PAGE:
5 Questions Every BGR Needs to Ask

1. How many calories do I burn during a run?
Honestly, the only reason I want to know how many calories I am burning during a run is so I can calculate how long it will take me to burn off beer, ice cream, pizza, or something else I have indulged in that week. Below is a chart from Runner’s World that shows how many calories you burn a mile. It is based on your weight and pace.

Speed (min/mile)

12

10

9

8

7

6

5:30

Weight (lb)

110

66

83

91

103

116

132

149

120

72

90

100

113

127

144

162

130

78

98

108

122

137

156

176

140

85

106

117

133

149

170

191

150

90

113

124

141

158

180

203

160

97

121

133

152

170

194

218

170

102

128

141

160

179

204

230

180

109

136

150

170

191

218

245

190

115

143

157

178

200

230

257

200

121

151

166

189

212

242

272

http://www.runnersworld.co.uk/weight-loss/how-many-calories-do-you-burn/259.html


2. Do I really need to get fitted for running shoes?
Yes, running shoes are the most important gear you can buy. Not only do they help prevent injuries, but they can also correct your gait. Before getting fitted, there were days that I had knee and back pain when I ran. Not to make it seems as though running shoes are a panacea, but they did eliminate those problems.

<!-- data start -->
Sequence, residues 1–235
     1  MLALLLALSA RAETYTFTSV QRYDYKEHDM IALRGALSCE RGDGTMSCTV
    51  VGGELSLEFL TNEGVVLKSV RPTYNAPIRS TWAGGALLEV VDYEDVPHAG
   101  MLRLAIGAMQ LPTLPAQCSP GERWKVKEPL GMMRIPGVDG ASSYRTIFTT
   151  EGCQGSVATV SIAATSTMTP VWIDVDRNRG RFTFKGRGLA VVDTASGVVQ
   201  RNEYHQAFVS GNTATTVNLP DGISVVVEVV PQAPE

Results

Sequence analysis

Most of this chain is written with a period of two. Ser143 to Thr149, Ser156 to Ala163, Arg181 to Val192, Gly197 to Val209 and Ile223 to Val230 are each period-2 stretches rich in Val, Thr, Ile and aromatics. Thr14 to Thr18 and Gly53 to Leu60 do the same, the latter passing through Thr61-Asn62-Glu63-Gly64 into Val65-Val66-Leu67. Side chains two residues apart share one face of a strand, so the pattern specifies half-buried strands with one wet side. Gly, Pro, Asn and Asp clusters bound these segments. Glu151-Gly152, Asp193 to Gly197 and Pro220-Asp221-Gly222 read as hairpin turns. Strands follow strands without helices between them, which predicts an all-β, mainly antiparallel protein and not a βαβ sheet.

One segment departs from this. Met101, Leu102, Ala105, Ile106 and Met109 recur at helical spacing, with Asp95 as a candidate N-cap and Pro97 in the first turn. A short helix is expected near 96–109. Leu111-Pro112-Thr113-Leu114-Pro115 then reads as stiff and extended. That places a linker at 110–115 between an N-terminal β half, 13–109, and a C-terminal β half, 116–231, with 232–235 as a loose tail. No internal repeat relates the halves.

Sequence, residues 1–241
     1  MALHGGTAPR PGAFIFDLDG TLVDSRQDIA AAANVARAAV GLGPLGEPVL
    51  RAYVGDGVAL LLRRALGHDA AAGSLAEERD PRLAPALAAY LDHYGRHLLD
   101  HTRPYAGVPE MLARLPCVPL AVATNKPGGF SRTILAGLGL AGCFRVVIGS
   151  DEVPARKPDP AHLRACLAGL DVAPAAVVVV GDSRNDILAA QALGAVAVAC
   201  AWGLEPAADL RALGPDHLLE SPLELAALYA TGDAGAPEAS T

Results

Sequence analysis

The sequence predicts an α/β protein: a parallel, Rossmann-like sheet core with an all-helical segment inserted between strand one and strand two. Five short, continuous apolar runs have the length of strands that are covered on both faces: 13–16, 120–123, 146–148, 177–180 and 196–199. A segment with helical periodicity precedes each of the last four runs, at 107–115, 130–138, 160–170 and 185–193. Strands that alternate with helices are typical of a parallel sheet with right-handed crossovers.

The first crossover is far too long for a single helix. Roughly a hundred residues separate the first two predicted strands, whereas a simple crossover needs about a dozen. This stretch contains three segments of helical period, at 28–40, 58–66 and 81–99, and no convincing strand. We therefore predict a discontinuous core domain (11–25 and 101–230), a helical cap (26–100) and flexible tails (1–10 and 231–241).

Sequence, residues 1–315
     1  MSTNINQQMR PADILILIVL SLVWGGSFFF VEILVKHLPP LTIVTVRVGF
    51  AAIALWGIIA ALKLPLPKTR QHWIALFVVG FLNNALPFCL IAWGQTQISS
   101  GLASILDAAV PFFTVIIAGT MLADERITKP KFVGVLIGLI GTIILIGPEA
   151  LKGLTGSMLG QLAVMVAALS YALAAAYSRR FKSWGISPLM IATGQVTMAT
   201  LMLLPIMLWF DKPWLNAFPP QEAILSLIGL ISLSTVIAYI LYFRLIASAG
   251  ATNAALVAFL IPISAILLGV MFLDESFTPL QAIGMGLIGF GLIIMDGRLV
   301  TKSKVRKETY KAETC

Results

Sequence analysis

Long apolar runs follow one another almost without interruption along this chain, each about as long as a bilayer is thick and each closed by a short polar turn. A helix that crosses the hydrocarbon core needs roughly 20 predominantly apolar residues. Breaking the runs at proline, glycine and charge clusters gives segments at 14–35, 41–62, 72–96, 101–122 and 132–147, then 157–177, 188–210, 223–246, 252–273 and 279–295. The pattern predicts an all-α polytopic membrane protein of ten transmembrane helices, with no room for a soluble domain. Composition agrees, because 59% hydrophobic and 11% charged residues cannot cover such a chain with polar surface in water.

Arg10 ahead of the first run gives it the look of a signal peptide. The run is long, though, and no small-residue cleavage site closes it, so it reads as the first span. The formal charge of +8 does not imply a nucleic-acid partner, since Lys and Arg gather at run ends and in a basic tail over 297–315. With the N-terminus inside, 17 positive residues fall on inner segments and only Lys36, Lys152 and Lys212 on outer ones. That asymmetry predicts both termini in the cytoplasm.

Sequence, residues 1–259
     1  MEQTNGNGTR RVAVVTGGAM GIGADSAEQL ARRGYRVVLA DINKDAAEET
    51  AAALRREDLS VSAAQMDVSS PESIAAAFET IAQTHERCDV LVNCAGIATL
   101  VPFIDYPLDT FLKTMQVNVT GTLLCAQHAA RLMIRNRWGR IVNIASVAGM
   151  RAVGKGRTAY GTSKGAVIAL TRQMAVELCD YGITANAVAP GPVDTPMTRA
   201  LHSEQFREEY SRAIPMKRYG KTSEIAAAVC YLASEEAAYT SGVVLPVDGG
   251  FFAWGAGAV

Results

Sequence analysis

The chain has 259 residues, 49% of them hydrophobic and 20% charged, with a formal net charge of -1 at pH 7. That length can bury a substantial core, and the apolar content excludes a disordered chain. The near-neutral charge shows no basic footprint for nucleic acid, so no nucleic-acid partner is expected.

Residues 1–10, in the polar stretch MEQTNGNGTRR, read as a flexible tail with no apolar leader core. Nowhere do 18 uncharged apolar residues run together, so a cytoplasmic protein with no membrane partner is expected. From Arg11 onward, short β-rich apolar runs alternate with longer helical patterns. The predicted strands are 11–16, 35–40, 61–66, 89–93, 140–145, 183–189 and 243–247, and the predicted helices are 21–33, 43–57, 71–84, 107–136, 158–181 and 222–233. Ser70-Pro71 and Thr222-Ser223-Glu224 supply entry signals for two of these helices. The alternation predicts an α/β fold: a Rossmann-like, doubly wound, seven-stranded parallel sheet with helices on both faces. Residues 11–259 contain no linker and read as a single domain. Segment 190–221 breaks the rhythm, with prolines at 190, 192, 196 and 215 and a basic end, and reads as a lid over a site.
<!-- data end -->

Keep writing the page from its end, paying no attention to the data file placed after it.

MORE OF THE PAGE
3. Do I really need to invest in workout gear?
Depends. How comfortable do you want to be? When it comes to running gear, having the right stuff is most important during the winter and the summer. Even if you don’t want to spend a lot of money, at least buy a great pair of running tights or shorts and a couple of dri-fit shirts.

4. What should I do after every run?
Stretch and refuel! Stretching after running is important to prevent injuries. (Ever had a pulled hamstring...not fun). Also, drink eight to 12 ounces of a sports drink or a bottle of water and refuel with a mixture of protein and carbs. According to Scott Douglas, “When you run, you burn mostly glycogen, a fuel stored in your muscles. Your mission right after a run, therefore, is to eat, even if you don't feel hungry. And fast. No matter what time of day you run, the enzymes that are responsible for making glycogen are most active immediately post workout-leaving you a 60-minute window in which those highly stimulated enzymes are at maximum capacity to produce glycogen” (Scott, 2004).

5. Should I race?
Yes! I wasn’t quick to jump on the racing bandwagon, for some reason I could not get over the fact that I was paying money to run. My opinion changed after my first race. I think I became addicted to the adrenaline and sense of accomplishment. Here is a link so you can find a race near you.




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